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    Great suggestions there - I would even go so far to create a separate email addy just for job searches - where I work right now the first thing we do is run the applicants email address though google to see what we come up with, 9 times out of 10 we find something that we don't approve of and that person doesn't even get a call in

    The last few people who have been hired did not have facebook or myspace at the time.

  3. #3
    RacingBear UmneyDurak's Avatar
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    6: Watch your Facebook. This goes without saying, but FB is rumored to grant employers friends access as invisible users if asked. This goes double for Twitter because there is no way to delete things one posted there.
    Umm if that is true, that is really messed up. Any source for that?
    I see hills.... Bring them on!!!
    Stay calm and bring a towel.

  4. #4
    Dolce far niente bigbossman's Avatar
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    Quote Originally Posted by mlts22 View Post
    9: Network, network, network. Get eyeballs and ears. I found my job because of a contact I made because I was part of the cast of a renfaire and was memorable. The jobs you find on dice.com, monster.com, and even indeed.com are usually well picked over before you see them, and are only published because the company has to. In reality, they already had someone for the job, and were just only publishing the opening to make sure all "i"s were dotted, and "t"s crossed.
    In my experience, this has not been the case. The last three (very good) contract positions I've held have been from publishing my resume on Dice. But I did get my share of 3-6 month contract offers 500 miles away from thick-accented folks, as well.

    And one other point for IT folks - even in the completely trashed job market of CA, if you have VoIP experience you're gonna get lots of interest.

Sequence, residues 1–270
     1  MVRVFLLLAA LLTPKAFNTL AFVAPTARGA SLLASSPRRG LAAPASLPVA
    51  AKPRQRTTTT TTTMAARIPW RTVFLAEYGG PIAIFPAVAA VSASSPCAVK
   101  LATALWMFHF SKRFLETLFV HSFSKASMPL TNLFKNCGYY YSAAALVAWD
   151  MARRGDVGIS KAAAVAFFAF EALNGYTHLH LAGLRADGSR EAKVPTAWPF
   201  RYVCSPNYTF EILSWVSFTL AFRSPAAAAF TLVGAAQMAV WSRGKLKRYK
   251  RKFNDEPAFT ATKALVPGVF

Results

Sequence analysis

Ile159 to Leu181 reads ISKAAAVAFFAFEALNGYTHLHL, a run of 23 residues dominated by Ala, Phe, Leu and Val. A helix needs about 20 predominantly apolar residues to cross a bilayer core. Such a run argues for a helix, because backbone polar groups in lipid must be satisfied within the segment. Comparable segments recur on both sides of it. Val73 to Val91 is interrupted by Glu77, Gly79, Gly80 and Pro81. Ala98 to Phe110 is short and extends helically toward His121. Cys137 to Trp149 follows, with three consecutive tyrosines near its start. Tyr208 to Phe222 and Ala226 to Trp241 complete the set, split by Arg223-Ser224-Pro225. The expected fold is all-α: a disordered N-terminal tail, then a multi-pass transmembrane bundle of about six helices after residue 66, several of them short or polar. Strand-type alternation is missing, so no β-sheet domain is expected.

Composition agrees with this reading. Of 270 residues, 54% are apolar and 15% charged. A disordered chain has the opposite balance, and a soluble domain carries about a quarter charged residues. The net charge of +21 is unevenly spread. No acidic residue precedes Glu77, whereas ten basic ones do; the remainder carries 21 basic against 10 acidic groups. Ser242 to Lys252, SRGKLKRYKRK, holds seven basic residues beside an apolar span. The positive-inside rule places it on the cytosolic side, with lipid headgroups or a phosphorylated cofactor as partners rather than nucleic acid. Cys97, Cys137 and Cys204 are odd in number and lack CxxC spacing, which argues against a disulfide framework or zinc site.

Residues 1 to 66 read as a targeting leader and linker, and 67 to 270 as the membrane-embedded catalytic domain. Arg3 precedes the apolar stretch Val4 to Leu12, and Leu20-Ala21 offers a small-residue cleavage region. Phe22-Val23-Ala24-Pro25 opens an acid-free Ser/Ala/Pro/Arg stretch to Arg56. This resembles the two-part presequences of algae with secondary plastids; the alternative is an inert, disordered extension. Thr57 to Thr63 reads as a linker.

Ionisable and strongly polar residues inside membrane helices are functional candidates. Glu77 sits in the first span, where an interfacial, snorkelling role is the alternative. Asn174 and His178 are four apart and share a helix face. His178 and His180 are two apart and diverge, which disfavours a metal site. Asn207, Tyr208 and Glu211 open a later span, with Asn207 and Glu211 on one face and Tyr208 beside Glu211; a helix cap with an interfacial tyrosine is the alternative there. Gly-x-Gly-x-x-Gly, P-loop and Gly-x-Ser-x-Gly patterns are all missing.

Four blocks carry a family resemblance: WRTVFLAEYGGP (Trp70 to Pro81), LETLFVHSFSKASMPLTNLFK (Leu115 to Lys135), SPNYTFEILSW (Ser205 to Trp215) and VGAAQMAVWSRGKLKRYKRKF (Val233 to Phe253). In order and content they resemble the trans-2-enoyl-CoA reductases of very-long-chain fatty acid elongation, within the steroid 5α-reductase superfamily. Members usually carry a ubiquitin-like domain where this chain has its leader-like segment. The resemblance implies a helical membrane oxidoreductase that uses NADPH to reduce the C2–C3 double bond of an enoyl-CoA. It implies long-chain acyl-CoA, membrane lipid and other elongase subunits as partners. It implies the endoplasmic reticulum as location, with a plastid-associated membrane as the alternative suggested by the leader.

"Love is not the dying moan of a distant violin, itís the triumphant twang of a bedspring."

    S. J. Perelman

  5. #5
    Senior Member mikeybikes's Avatar
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    The best job I had was from a Craigslist posting of all things...
    My Bikes: 2009 Breezer Uptown EX | 1980 Miyata Six Ten | 1970 Hercules Three-Two-Speed
    Wife's Bikes: 2008 Globe City 7 | 1972ish Peugeot UO-18 (in progress)

  6. #6
    Senior Member DannoXYZ's Avatar
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    Quote Originally Posted by bigbossman View Post
    In my experience, this has not been the case. The last three (very good) contract positions I've held have been from publishing my resume on Dice. But I did get my share of 3-6 month contract offers 500 miles away from thick-accented folks, as well.

    And one other point for IT folks - even in the completely trashed job market of CA, if you have VoIP experience you're gonna get lots of interest.
    Depends upon what you mean by "very good", which may be different than mlts22's definition. My firm's gotten several "very good" contracts for datacentre re-location/consolidation in the past year. Each one was worth over $100k/mn and none were advertised. Although I did hire a couple of subs through Dice/Indeed for specialty parts like EMC-DMX, R3/Oracle/Peoplesoft stuff. Didn't even have to pay them more than $75/hr, suckerzzz...